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Why Not a National Friendship Day?

By       Message Elayne Clift     Permalink
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This month we will honor our fathers as we did our mothers in May.  There is a day to remember grandparents, and Valentine’s Day for romancing lovers. We have national days of commemoration for all sorts of people and events.  Why not a day to remember and honor our friends?

            The motto could be something like:  “A friend is a terrible thing to waste,” or “Friendship means never having to say ‘call me.’”  Or we could just stick with “A friend in need is a friend indeed.” The logo could suggest “this is your brain without a friend.”   

            Aristotle said that friendship had three functions:  It required that friends must enjoy each other’s company; be useful to one another; and share a common commitment to good.  The great philosopher also suggested that genuine friendship was reciprocal and could withstand any pressures placed upon it.  That works for me.

            I’ve had invisible friends, lifelong friends, long distance friends, new friends, rediscovered friends, and friends who are really my family.  All of them have brought me comfort, immeasurable joy, laughter, insight, and a unique kind of love.

            Bill F. and Teresa P.  are my most treasured invisible friends.  I’ve never laid eyes on either one of them, yet they fill my life with such meaning and connection.  Bill and I “met” years ago when my first book was published.  He and his wife Boots lived in Arizona when he wrote me praising the book which he had purchased for his daughter.  I wrote to thank him, asking for his daughter’s name so I could send her an autographed copy.  That’s how our epistolary friendship started.  It went on for years.  We never spoke; to do so would have broken the magic of our written exchanges in the days before the Internet.  One day after we’d been corresponding for several years, Bill told me he had Lou Gehrig’s Disease. I sensed exactly the day on which I should call him to say goodbye.  He could hear my voice but could say nothing in return.  It was a profound moment between two people who had grown to know and love each other.  After Bill died, I kept in touch with Boots and Carol, the daughter for whom I’d signed the book.  They came to see me the weekend that Princess Diana died and so we shared another shocking loss together.  I visited them in Arizona.  We’ve lost touch now, but Bill is always in my heart.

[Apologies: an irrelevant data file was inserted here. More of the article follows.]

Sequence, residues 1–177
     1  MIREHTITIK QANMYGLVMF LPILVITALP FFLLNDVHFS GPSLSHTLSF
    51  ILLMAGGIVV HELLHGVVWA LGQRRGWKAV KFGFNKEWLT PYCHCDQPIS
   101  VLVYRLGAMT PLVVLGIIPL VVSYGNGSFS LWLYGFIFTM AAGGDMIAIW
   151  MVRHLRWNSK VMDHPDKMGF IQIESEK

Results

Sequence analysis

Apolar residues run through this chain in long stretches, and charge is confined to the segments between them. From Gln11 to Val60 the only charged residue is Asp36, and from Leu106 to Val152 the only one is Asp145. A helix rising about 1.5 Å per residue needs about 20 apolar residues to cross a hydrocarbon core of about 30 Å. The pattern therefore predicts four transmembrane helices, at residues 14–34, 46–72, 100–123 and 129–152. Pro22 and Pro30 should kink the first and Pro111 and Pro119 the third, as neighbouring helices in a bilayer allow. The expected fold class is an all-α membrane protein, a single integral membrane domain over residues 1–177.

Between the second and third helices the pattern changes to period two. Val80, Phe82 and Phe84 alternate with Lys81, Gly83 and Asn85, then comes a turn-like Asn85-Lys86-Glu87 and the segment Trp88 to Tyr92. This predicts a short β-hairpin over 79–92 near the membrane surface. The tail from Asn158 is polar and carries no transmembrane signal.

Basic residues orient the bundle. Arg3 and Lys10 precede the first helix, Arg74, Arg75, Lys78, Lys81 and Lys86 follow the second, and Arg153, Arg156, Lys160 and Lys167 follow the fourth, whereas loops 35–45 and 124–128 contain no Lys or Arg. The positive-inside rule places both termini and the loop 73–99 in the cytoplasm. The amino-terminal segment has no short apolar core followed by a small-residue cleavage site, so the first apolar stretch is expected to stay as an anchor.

Teresa is my prison penpal, wrongly incarcerated for accidentally killing the man who was sexually assaulting her.  We got acquainted through a women writer’s newsletter and have been corresponding for more than a dozen years now.  Again, I’ve never called her; our only communication is through letters.  Yet we are as close as two friends can be, sharing our lives in a way that is rare and meaningful.  We learn from each other, laugh at the world’s insanity, share our writings and our hopes for the world. Once she is paroled, which many of her friends are working on, I will travel to California to hug her and to say thanks, for her strength and character inspire me and I would be less of a human being without her in my life.

            My lifelong friends include Emma and Jean to whom I’ve been attached for 53 years – since we shared secrets and pranks in junior high school.  They are the oldest chums in my Crone group, comprised of six women (and me) who make such a difference in my life that it is hard to quantify or describe.  They are my sisters, my confidantes, my soulmates.  They are the family I’ve lost; the support system I turn to in tough times, the zanies I laugh with till my sides hurt. 

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            Among my long-distance friends whom I cherish are Elson, a lovely African man whom I met in Malawi over twenty years ago when I stayed at the hotel he was managing, and Lena, my Thai sister who guided me through the year that I lived in Chiang Mai.  There are others from China, Bangladesh, Romania, Italy, Australia, and elsewhere who have enriched my life in ways both practical and poetic.  (If you’re reading this essay, you know who you are!)

            Then there are the friends I’ve made since moving to Vermont who add such a glow to my life.  And there’s Peg, with whom I’ve recently reconnected after relying on Christmas cards for 37 years to keep in touch.  There are friends of friends, kids of friends, and my kids’ friends.

            I am so blessed with good and faithful friends that I’d like to declare a day for them – as a way to say thank you; I couldn’t do it without you; I love you. Because as Anais Nin knew, “each friend represents a world in us, a world possibly not born until they arrive…” 

To put it more mundanely, as Marlene Dietrich did, “It’s the friends you can call up at 4:00 a.m. that matter.”  If you have friends like that, give them a shout out, because you, like me, have a rare and precious gift and such gems should not go unacknowledged.

                                                # # #

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Elayne Clift is a writer,lecturer, workshop leader and activist. She is senior correspondent for Women's Feature Service, columnist for the Keene (NH) Sentinel and Brattleboro (VT) Commons and a contributor to various publications internationally. (more...)

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